Christmas is coming….Ok so maybe not just yet but once the summer holidays are over the Christmas decorations will start creeping into the shops and then it just escalates from there!
Don’t worry, I am not actually thinking about Christmas yet (although I have bought a couple of stocking fillers already but I’ll probably forget about them by December and find them around Easter time next year!)
There’s no denying that Christmas is expensive. There are lots of ways to cut down on unnecessary expenditure at Christmas, but unless you are going to go full on super thrifty by making all your presents from stuff you’ve foraged in the woods, then you are going to have a peak of expenditure during December. Do you plan for that extra expenditure, or do you get to December, spend three times as much as usual and then go through January (and possibly February too) feeling poor?
Ideally if you’re going to plan ahead for Christmas expenditure, you should be thinking about it from January each year, but even now at the end of July there are still things you can do:
- Christmas is now 153 days away – how about putting £1 aside each day from now on?
- If you put away £10 each week from now until the end of November, you would have £180 extra to spend in December.
- Put aside any cashback rewards such as from Quidco or from a cashback credit card or bank account. Still not using cashback sites? Find out what you’re missing out on here Free money! (via cashback sites)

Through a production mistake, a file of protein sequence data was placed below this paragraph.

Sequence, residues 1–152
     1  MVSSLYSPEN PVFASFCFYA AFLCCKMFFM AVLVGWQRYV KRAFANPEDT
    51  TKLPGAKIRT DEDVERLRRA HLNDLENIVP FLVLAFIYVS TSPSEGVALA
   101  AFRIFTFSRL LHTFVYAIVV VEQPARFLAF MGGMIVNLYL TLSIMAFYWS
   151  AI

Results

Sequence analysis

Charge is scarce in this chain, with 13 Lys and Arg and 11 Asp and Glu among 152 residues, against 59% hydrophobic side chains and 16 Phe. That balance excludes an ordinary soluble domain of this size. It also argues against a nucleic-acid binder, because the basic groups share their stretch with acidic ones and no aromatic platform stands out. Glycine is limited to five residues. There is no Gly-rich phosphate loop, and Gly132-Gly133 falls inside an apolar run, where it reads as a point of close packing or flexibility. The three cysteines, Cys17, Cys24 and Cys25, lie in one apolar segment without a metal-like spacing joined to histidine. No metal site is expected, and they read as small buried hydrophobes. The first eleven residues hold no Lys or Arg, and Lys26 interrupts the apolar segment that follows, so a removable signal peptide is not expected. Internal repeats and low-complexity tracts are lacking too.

- Have a clear out (baby equipment is often a good seller) and put the money towards the festive season. It takes a bit of effort to sort through and sell it all so start now. Have a look at my tips for selling here Cash in the attic
- This one is too late for this year, but worth mentioning anyway – if you pay your council tax by monthly direct debit over 10 months you will have two months a year (February & March) with no payments. If the council aren’t taking the money from your account, then why don’t you take it, put it in a savings account and it will be ready to spend at Christmas next year.
The above are just a few suggestions. What I’m trying to get across is don’t let the increased expenditure in December come as a shock. You shouldn’t have to use expensive credit cards or overdrafts if you use a bit of simple forward planning and budgeting instead.